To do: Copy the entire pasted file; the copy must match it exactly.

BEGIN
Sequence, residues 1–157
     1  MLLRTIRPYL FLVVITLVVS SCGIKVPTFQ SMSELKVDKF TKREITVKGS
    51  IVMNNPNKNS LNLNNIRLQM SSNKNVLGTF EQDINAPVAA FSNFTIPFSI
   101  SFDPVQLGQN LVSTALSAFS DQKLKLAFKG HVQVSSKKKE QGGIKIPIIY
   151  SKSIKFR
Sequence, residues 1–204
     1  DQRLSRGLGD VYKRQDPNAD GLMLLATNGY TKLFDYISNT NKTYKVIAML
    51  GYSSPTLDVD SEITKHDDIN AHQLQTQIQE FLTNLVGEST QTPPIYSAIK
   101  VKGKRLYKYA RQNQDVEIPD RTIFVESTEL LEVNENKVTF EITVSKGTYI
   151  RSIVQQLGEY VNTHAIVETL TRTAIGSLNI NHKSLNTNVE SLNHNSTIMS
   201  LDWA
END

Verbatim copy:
Sequence, residues 1–157
     1  MLLRTIRPYL FLVVITLVVS SCGIKVPTFQ SMSELKVDKF TKREITVKGS
    51  IVMNNPNKNS LNLNNIRLQM SSNKNVLGTF EQDINAPVAA FSNFTIPFSI
   101  SFDPVQLGQN LVSTALSAFS DQKLKLAFKG HVQVSSKKKE QGGIKIPIIY
   151  SKSIKFR
Sequence, residues 1–204
     1  DQRLSRGLGD VYKRQDPNAD GLMLLATNGY TKLFDYISNT NKTYKVIAML
    51  GYSSPTLDVD SEITKHDDIN AHQLQTQIQE FLTNLVGEST QTPPIYSAIK
   101  VKGKRLYKYA RQNQDVEIPD RTIFVESTEL LEVNENKVTF EITVSKGTYI
   151  RSIVQQLGEY VNTHAIVETL TRTAIGSLNI NHKSLNTNVE SLNHNSTIMS
   201  LDWA